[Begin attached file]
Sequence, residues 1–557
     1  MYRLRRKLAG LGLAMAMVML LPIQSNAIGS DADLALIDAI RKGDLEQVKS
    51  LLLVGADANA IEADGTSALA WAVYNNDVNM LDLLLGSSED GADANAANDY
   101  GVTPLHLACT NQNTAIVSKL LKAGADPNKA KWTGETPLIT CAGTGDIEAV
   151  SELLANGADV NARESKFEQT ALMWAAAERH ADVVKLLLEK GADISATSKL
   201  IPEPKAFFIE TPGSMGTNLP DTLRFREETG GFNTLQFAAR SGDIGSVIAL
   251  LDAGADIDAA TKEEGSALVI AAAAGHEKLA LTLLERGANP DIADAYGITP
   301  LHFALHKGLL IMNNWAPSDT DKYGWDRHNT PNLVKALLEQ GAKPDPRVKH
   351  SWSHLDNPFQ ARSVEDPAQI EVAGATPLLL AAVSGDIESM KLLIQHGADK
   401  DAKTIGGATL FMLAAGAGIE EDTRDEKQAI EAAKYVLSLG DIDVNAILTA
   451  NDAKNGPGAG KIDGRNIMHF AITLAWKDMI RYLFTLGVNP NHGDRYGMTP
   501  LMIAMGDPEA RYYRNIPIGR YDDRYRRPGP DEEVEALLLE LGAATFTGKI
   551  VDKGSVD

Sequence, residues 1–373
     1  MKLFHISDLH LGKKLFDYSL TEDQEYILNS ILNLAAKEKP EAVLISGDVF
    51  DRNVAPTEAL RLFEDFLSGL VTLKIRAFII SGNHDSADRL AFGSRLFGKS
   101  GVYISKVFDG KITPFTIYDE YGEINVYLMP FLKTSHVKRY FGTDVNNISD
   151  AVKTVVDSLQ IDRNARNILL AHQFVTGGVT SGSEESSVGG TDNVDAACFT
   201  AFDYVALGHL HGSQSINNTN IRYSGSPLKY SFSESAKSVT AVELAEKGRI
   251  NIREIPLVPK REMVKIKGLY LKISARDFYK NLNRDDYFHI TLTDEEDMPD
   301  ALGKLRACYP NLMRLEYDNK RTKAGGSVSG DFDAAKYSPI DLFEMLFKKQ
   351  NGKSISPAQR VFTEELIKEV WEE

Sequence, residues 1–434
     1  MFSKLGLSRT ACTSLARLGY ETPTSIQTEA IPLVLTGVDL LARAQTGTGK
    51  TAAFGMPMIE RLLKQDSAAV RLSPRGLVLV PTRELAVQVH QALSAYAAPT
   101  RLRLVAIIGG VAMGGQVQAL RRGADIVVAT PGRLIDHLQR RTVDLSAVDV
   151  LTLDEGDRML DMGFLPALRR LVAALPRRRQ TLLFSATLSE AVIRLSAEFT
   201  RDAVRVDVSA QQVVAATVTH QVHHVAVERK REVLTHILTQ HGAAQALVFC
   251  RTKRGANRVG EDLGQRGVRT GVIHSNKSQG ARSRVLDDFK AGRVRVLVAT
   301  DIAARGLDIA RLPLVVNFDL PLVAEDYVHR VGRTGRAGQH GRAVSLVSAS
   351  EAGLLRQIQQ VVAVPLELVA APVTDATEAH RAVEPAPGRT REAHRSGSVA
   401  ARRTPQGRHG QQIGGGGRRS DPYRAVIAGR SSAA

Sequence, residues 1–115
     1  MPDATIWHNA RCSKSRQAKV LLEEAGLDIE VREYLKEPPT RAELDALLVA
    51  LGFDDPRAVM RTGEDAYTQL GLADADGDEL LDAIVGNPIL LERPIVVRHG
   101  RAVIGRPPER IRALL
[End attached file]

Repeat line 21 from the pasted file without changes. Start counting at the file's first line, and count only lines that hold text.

   301  ALGKLRACYP NLMRLEYDNK RTKAGGSVSG DFDAAKYSPI DLFEMLFKKQ